The registers date from 1571, baptisms and burials being chronicled from that year, and marriages from 1572. Through the kindness of the rector, the Rev. G. E. Eaton, we were enabled to make a complete search of the registers and many quaint and interesting entries are to be found in them. As far back as 1610, coal was being worked in the Teversal district, for we find: "Ann Wilson, the daughter of John Wilson, a collier," was baptised in September of that year. We came across another entry respecting a coal miner. It was this: "Christopher Hardy, a collier, being slayn in a coal pit road, buryed ye 8th of Maie, 1619." It is somewhat amusing to find one of the old rectors (the Rev. Mason) entering into the most minute details in every entry he makes respecting his own kith and kin. The Monlyneux family were of little importance in comparison with those bearing the name of Mason, if we judge by the prominence given to the latter in the register. For instance, we find: "James Mason, son of my son James, was born 30th June, being Monday about four of ye clock, in ye morning, and baptized ye 6th day of July next following 1623." The following year Thomas, "another son of my son James," was born at 7 o'clock. This form of entry was usually adopted for great families, but Mason only used it for his own. His family was an important one in his own estimation, for even his godson is mentioned as: "James Willson, my godson, and John Willson, his brother, borne at one byrth, ye sonnes of John Willson, ye slater, were baptised ye XXIIIIth, of ffebruaris, 1615." Here is another entry: "Gregory Greenwood, ye Sonne of a wandering woman, was baptized ye same day. This was XXVIII. of Male, being Wit-Sonday, 1626." Three baptisms had taken place that day, an unusual press of business for Teversal. From the list of burials we notice that James Mason, who was buried at Teversal in 1633, was vicar of Normanton. Here is a very interesting entry: "Whereas the Act for burying in woollen commenced August 1st, 1678, there are certificates," (then follows a portion that is illegible.) We may add here that it was not lawful after this Act came into operation, to use a needleful of thread or silk in the wrapping up of the dead. The intention of the Act was to encourage the woollen manufacture and a trade arose in these woollen shifts, as they were called. In Chesterfield parish church on one of the Foljambe tombs there is a carving in bas relief of a corpse wrapped in its shift or bag, tied at the head and feet. Before interment a certificate was necessary, setting forth that the body was enveloped in Before leaving the registers we might quote the following entry: '' John Molyneux, of Teversal, Esq., and Mrs. Lucy Hesketh, of Rufforth, in the county of Lancaster, were maryed by Richard Standish, justice of the peace at Quorn, in the county of Lancaster, at Wrightinton, in the eighteenth day of April, 1655, in the psence of John Harlinge, Margaret Breares, George Ashbury and Hen. Houghton Beinge before married at Rufford aforesaid in the parish of Croston and county aforesaid, about ten o'clock of the same daye by John Seddon, minister, of Penworthan, in the county aforesaid." On turning to the churchwarden's accounts we found many interesting entries, and not a few that are amusing. A whole chapter might very well be devoted to these records, but a few extracts will have to suffice. We frequently came across sums of 1s. paid for slaying a fox, same price as at Mansfield, and money spent for kids (presumably gorse kids, to prevent sparrows building in spouts): "William Cupit for half a hundred of long kids. 1s." It is amusing to notice how the churchwardens seized every available opportunity to celebrate this, that, or the other by beer drinking. When the causey was laid 1s. 6d. was spent on ale. The bell ringers appear to have been a very thirsty set. The constables' accounts always open with an item of 5s. for taking over accounts. Why this expenditure was necessary we could not at first understand, but in 1737 a very conscientious officer was appointed, for we observe that he is not ashamed to admit the purpose for which the money was required. His entry is: "For ale at last accounts 5s." The village constable in 1741 appears to have gone to Mansfield to fraternise with his colleague at that town, for in the accounts we find '' spent with ye constable at Mansfield 2s. 6d." About a century ago a woman named Peggy Parkin seems to have been a source of great expense to the parish. On April 26th, 1808, Samuel Wilson received 3s. for bleeding Peggy, and May 2nd, for a similar operation he received a like sum. This old fashioned treatment did not appear to be efficacious for the next entry in the book is one of 2s. 6d. for a journey to Sutton to fetch a doctor. But, Peggy survived, for on May 7th, her removal to Calow cost the parish 6s., and later John Hewitt was paid 7s. for looking after her. In 1811, eleven weeks' keep of the same woman cost £5 15s. 6d., but six years elapse before we find her receiving 6s. for clothes, and the last item is one of 2s. for stockings for her. These items are selected as a sample of what the constable's accounts are made up of. The burial of one named Lees was an expensive matter for no less than 10s. worth of ale and Is. 4d. worth of cheese were consumed at his funeral. It was in October 1811. Here is a curious entry in 1819 :—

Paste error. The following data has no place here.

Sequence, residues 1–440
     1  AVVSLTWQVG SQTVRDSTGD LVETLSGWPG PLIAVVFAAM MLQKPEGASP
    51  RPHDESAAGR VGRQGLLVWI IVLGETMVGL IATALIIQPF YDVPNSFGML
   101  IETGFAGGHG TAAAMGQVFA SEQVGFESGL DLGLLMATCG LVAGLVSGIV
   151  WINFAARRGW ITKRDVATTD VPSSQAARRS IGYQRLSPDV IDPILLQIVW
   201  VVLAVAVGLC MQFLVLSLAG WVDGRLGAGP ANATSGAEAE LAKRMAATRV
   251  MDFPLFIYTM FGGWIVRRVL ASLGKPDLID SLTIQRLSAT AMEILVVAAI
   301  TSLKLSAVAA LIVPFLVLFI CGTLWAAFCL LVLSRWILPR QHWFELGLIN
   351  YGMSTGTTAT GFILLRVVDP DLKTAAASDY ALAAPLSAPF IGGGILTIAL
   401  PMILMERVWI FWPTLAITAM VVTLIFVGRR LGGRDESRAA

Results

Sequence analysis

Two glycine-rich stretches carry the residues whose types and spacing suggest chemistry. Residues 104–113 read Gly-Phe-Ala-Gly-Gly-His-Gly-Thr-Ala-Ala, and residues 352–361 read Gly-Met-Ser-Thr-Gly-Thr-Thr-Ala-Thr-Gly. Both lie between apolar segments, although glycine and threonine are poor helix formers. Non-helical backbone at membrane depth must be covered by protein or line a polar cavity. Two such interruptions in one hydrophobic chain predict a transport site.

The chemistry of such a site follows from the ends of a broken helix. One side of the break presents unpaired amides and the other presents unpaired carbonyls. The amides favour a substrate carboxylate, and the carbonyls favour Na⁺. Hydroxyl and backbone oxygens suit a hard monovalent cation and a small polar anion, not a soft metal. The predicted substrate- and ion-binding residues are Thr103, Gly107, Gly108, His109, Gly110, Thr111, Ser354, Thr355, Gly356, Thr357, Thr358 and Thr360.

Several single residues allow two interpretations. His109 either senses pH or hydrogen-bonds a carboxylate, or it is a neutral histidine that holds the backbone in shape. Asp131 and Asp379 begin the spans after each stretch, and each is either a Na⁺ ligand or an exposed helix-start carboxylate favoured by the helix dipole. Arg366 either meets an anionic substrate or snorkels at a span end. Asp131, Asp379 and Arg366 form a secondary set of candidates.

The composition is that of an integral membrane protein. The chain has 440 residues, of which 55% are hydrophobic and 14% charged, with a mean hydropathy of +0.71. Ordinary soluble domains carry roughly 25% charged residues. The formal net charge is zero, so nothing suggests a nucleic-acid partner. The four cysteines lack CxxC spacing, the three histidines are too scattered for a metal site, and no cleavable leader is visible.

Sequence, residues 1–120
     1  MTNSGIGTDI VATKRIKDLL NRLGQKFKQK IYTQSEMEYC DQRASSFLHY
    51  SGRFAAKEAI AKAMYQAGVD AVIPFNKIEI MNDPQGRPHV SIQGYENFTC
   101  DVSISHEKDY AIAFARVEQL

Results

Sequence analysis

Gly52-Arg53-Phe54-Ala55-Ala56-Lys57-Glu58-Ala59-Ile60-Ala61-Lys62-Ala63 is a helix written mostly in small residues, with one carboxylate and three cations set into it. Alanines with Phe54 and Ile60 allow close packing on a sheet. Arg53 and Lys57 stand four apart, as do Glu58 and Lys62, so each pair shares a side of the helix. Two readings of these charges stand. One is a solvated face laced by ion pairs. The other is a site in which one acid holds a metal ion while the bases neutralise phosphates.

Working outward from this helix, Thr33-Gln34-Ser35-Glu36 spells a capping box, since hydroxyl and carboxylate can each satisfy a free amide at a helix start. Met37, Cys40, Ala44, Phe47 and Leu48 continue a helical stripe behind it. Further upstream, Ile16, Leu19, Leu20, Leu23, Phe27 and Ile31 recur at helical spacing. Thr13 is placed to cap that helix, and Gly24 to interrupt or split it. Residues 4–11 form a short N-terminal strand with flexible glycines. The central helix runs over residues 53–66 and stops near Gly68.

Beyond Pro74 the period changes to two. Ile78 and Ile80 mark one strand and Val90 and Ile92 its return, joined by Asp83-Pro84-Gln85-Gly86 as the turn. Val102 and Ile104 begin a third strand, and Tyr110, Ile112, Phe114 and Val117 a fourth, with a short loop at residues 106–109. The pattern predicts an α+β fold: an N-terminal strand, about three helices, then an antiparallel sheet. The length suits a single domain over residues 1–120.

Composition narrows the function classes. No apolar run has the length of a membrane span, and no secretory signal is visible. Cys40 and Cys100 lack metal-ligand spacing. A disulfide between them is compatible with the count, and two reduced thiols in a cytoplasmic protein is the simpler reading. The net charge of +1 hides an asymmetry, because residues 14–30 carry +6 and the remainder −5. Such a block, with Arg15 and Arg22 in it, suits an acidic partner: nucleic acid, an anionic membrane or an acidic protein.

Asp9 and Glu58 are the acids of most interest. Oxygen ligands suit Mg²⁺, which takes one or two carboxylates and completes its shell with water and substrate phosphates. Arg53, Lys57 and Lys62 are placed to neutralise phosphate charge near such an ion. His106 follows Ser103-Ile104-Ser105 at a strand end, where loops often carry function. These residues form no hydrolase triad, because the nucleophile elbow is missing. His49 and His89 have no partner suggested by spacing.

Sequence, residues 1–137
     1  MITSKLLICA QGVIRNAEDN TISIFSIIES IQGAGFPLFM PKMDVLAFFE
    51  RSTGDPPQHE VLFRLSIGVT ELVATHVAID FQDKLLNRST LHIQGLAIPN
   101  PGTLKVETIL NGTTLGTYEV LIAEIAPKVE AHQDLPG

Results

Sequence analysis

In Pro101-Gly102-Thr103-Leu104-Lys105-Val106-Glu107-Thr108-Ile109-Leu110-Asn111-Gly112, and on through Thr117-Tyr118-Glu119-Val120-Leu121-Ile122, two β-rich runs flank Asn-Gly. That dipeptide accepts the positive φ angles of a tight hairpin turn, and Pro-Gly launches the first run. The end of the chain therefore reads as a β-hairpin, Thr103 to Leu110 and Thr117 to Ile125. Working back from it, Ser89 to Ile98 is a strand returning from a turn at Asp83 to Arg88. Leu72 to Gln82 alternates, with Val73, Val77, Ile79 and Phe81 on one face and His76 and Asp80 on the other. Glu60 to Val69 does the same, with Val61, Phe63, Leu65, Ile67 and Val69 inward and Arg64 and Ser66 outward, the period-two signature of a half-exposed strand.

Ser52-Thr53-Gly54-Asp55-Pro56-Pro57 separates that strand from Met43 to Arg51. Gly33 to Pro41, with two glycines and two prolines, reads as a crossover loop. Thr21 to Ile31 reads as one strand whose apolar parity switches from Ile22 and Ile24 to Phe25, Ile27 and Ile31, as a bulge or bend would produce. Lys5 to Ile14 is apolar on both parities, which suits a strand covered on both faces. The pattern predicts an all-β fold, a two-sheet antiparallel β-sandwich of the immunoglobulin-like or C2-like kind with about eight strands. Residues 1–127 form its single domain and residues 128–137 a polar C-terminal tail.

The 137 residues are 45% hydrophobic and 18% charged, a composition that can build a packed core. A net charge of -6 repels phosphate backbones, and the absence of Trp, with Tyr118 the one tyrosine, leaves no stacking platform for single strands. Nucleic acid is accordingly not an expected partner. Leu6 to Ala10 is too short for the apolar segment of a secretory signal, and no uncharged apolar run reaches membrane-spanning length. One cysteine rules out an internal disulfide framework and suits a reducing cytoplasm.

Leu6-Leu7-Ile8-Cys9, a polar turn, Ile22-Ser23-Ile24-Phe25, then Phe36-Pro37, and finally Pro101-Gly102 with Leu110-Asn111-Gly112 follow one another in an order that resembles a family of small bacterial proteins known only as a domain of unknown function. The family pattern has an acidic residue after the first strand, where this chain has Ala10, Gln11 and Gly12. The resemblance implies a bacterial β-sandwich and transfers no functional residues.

s. d.